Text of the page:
Posts Tagged ‘trolls’
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Unless Twitter coughs up the identities of those using 140 characters to abuse, slander and otherwise troll victims, a newly proposed UK law would see the company hauled into court to pay hefty fines.
We’ve all had to face up to a Twitter villain from time to time. Those people that don’t let your tweet go without picking apart the grammar mistakes, incorrect use of commas, logical fallacies and inconsistent comments.
How do you deal with your Twitter critics? This infographic lays out the 8 most common types, and gives you the tools you need to fight them off.
Trent Reznor has deleted his Twitter account.
You may recall his well-publicised rant about his experiences with certain members of the network last month:
I approached that as a place to be less formal and more off-the-cuff, honest and “human”. I was not expecting to broadcast details of my love life there, but it happened because I’m in love and it’s all I think about and that’s that. If this has bummed you out or destroyed what you’ve projected on me, fair enough – it’s probably time for you to leave. You are right, I’m not the same person I was in 1994 (and I’m happy about that). Are you?
Back then, he threatened to cut back, and stop sharing personal information – now he’s decided it’s better to stop altogether. No goodbyes, no final tweet, no nothing. Which is perhaps the best way to do it, but here’s my question: does this mean the assholes have won? And if they have, is this the beginning of the end for celebrities and I â™¥ Twitter?
In my article “Why Replies On Twitter Are Far More Damaging Than Direct Messages“, I address the limitations of the block feature on Twitter. As Twitter’s help portal states:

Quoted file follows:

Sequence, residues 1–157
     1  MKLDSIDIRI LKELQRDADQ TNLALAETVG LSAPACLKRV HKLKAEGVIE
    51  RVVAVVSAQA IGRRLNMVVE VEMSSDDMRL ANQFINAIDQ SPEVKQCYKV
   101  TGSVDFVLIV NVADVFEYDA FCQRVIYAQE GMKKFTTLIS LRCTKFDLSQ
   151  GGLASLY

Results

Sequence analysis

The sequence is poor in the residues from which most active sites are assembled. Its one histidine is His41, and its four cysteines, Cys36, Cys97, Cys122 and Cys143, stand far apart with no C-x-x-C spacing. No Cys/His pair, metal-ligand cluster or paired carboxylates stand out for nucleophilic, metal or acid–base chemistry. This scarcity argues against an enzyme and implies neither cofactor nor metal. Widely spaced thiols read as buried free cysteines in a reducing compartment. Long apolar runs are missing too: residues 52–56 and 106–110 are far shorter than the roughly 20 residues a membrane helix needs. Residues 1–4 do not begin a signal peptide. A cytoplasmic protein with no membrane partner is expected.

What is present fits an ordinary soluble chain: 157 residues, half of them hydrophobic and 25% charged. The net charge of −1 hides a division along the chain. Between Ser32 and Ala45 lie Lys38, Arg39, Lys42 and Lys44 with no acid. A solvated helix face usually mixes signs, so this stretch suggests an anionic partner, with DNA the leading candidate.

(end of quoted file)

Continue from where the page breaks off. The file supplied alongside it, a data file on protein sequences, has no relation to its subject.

Blocking someone means that you (and your pic) will not appear on the blocked party’s profile page, friends time line, badge, or anywhere else. The person will not be notified that they’ve been blocked, and they will be unable to follow you. If your account is public, the blocked party can still view your profile page, but can’t receive your updates in their timeline or on their phone.
This is all well and good, but as a system it’s an extremely casual approach to a much bigger problem. When you block somebody, they can still:
- Read your timeline
- Send you @replies, which are still visible to everybody else, and remain within Twitter search, and will be delivered to you if you have a search for your replies configured on Seesmic Desktop or TweetDeck
- Re-tweet your messages, which can give the impression to others that you are ‘friends’
If you’ve had experience as a bulletin board administrator, you’ll know that when you properly block somebody, you have the facility to stop the person from reading anything on the forum (assuming half-decent, standardised software). With plugins, you have the same powers when you run a blog. Likewise, when you block somebody on Facebook, that’s it for them. They can’t read anything you’ve said. You simply disappear.
Why Is It Different On Twitter?
So, why is it different on Twitter? Why does it need to be? I can’t think of any reason why somebody would think the block system as it stands is acceptable. Twitter’s block is a bit like taking out a restraining order on somebody, and then letting them watch you on a webcam.
The direct message system on Twitter is only two-way if both parties are following each other. If you’re following somebody and they’re not following you back, they can send you a direct message, but you can’t reply using the same method. Not only is this poor etiquette on their part, but it’s a really stupid idea from Twitter.
Where’s the logic? Is it meant to protect us? If you’re following somebody and they’re spamming you with direct message after direct message, you can unfollow them. You can block them. They’re no longer an issue, because the direct message facility has been removed from their power.
It’s not so with @replies. Anyone can @reply anybody else at any time, whether they’re following you or not. In light of the policy regarding DMs, how does this make sense?
- @replies go into the public stream, and are visible by everybody (you can read any user’s @replies by going to Twitter search and entering @username, i.e., @stephenfry).
- Even if you block somebody, they can still @reply you. And while those replies won’t appear in your timeline, they will become part of the stream.
Meantime, direct messages are private: they can only be seen by the recipient. It doesn’t add up.
The potential for abuse here is enormous. It’s so big, in fact, that I’m not only surprised we haven’t seen a major event already, but that one doesn’t take place on a daily basis.